With two Super Bowl rings and a successful decade-long career in the NFL, Asante Samuel still had one more accomplishment on his wish list: to finish the credits needed to complete his college degree. The Atlanta Falcons corner back recently returned to his alma mater, the University of Central Florida, to earn a Bachelor’s degree in Interdisciplinary studies with a minor in Sociology and Education.
Here, Samuel shares how he hopes his story will inspire a younger generation and how mentoring has been his way of giving back to his community.
ESSENCE: Was going back to school something that had been lingering ever since you were drafted from college 10 years ago?
SAMUEL: It started crossing my mind my sixth year in the league. I started doing my homework on it and went to attack it. When I first enrolled in college back in the day I was a business major. To make sure I could finish up this time around and make it fit my schedule I changed my major to Interdisciplinary studies and took online classes. So that made it easier for me. I didn't take too many classes during the season. I would take one class during the season and load up more during the off-season so I could make sure I had more time.
ESSENCE: It’s not often that professional athletes go back to school. What motivated you?
SAMUEL: Being in the position I’m in and having children and wanting to show them that this is what it’s all about. Education is the most important thing and it can’t be taken from you. I wanted to let them know that if I can do it anyone can do it. It’s about being a role model and giving back.
ESSENCE: How did friends and fellow NFL players respond to you telling them that you were back in college?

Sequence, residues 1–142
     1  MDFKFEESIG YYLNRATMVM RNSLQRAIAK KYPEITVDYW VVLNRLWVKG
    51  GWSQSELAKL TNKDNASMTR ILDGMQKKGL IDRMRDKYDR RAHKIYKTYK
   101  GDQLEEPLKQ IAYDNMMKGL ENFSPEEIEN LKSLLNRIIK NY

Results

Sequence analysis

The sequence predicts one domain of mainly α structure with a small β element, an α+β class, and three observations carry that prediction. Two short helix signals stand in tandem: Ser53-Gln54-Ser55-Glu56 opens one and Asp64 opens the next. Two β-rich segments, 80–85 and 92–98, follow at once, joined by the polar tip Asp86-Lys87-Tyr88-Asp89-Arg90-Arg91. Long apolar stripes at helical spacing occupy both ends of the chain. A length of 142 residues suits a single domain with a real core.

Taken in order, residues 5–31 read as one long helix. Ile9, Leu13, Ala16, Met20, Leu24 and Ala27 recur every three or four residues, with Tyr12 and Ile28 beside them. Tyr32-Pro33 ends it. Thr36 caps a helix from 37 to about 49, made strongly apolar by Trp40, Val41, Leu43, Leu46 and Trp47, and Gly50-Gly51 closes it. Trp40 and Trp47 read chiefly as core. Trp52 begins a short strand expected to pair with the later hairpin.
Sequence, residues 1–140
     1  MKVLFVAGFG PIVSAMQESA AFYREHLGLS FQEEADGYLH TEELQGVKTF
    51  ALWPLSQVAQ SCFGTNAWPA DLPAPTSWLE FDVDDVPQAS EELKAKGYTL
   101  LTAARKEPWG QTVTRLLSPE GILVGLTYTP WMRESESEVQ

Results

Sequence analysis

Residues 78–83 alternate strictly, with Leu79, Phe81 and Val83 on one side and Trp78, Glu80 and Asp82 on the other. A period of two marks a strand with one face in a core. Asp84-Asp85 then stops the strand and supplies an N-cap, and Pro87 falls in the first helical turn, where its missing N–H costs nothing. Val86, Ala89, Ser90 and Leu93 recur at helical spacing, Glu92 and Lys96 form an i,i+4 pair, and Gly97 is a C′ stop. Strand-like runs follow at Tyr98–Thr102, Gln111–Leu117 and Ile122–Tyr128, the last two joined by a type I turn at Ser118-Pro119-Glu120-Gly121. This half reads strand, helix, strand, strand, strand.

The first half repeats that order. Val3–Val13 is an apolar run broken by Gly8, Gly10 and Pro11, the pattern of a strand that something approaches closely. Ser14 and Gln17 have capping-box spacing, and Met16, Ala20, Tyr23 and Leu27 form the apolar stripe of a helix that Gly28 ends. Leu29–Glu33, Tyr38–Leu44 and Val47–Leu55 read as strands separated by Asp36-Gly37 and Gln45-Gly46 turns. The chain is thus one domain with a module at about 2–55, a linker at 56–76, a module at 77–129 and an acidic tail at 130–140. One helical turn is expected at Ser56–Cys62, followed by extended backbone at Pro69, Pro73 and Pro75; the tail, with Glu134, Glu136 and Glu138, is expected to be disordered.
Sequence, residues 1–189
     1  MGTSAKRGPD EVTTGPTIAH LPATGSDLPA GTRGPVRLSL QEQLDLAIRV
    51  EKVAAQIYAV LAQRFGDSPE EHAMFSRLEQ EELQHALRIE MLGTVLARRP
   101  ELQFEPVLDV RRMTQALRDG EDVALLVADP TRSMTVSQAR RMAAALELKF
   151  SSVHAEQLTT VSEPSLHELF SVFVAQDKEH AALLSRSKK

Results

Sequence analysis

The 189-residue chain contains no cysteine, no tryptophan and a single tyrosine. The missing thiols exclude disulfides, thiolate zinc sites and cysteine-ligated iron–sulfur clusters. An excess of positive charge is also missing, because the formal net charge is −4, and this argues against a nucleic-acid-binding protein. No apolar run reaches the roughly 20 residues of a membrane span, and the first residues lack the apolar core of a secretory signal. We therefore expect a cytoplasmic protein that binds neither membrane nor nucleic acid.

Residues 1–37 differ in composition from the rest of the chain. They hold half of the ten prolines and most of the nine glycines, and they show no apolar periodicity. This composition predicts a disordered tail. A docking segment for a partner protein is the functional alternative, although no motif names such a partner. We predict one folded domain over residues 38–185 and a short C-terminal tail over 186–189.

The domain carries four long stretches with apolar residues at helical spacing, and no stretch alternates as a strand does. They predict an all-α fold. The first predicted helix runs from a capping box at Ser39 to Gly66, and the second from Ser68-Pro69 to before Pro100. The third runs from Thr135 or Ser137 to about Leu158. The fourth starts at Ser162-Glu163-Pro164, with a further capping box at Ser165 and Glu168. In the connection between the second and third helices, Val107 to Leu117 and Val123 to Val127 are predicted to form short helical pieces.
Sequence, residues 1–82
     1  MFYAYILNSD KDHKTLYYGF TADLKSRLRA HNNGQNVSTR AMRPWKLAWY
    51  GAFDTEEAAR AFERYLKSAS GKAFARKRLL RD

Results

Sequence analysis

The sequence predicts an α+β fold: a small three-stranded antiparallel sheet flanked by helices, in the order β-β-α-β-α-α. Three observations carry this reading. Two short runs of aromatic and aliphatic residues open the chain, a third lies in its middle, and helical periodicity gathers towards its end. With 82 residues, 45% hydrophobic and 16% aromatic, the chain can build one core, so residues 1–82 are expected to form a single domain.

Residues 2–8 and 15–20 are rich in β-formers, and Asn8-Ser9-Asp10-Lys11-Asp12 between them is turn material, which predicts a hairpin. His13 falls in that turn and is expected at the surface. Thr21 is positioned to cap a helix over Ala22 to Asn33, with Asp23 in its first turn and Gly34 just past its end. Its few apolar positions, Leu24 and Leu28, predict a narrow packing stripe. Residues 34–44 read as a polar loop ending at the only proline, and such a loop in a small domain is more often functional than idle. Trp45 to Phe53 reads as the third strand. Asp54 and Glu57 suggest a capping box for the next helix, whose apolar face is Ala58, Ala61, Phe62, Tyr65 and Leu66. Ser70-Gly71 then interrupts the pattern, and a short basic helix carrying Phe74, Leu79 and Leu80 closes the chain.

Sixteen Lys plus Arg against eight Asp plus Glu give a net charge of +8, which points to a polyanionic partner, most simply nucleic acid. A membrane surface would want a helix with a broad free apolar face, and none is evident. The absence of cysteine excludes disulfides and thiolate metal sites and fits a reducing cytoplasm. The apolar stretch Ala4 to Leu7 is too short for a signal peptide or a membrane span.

SAMUEL: They were excited and this goes for the young NFL guys too. Me being a veteran in the league and showing those young guys that I’ve been in the NFL, made all sorts of money and I’m still going back to get my degree. I hope I can be that role model to inspire a lot of people to do the same.
ESSENCE: What would you like to do with the degree?
SAMUEL: I don’t know if I’ll ever use it, but I got it just in case. I’d like to work with kids you know, to show them how to attack life and learn how to be successful.
ESSENCE: What did you learn about yourself by going back into that student mode?
SAMUEL: That it’s much harder than it used to be. I had to get reacquainted because I had been removed for so long. That was the main thing.
ESSENCE: What are some of the things you’d like young people to take away from your story?
SAMUEL: That education is important and that it’s a way of life. A lot of people say you don’t need education to be successful but it’s essential and very important to have that degree. It makes life much easier for you. I didn’t value education when I was growing up. It wasn’t only until I got older that I realized how important it is. Being a little knucklehead kid I did what I had to do back then. Now I know better. It’s opened up a new world for me. I recently started a foundation called Bring It Home Single Moms to empower single moms. Being that I grew up in a single parent home and didn’t have an adult male role model to keep me in line I had to learn on my own. As an adult I realized how much more I would have known if a male figure would have been on top of me to help me out, so it inspired me to want to do this.